And so the team have a new foe to face, typically one they created themselves – but let’s not get into that. For those that haven’t been living under a rock the past decade you should all know these characters by now – and no time is wasted picking up where they left off in the first film (and indeed all the other individual films they’ve been in).

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Moving things along a bit director Joss Whedon does provide some nice character moments, in particular Scarlett Johansson’s Natasha Romanoff and Mark Ruffalo’s Bruce Banner developing as a couple and Jeremy Renner’s Hawkeye showing another side as a family man.

There’s also new characters.

Aaron Taylor-Johnson’s Quicksilver and Elisabeth Olsen’s Scarlet Witch make an intriguing pair – and it’s nice that their loyalties are torn during the film rather than them being clean cut heroes throughout. In terms of powers (his, speed; hers, telekinesis and mind control) they’re brought to life effectively, although hers does mean that we veer pretty closely to X-Men territory. (There’s lots of crossover in the comic book world but on the silver screen I’m not sure I’d like the Avengers and X-Men to meet/fight/team up really, but that’s another discussion.)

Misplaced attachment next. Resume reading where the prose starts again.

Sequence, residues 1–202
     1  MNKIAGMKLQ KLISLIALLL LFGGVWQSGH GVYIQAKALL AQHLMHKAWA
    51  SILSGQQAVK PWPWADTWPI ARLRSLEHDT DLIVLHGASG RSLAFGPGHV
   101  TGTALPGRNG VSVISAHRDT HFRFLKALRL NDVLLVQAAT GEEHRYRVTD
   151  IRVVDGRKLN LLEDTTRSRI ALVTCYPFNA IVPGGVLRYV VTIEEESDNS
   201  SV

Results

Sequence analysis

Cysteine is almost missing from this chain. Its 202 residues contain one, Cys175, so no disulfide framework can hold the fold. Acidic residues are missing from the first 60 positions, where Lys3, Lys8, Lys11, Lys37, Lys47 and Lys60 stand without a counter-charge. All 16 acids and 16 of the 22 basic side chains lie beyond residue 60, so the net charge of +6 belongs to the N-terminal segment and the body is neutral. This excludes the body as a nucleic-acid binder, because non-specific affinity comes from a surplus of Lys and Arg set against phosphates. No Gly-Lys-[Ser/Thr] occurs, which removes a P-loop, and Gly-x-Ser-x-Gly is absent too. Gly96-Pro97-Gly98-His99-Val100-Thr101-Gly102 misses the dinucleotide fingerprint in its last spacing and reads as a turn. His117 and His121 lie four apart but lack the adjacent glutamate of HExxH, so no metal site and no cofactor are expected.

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Where this film falls over a little is down to the fact we’ve seen it all before. And before. And before. The film’s final third is yet another battle in the skies, which now seems to happen in every Marvel film. Also, even though we do want to see the team smash bad guys to bits it doesn’t feel like there’s ever much at stake. Maybe I’m starting to care less about the characters, or maybe I know that they’ll never kill off any of the major ones, but it just makes it all seem a little too… safe and pedestrian. Which is ridiculous given all the explosions and fights and whatnot.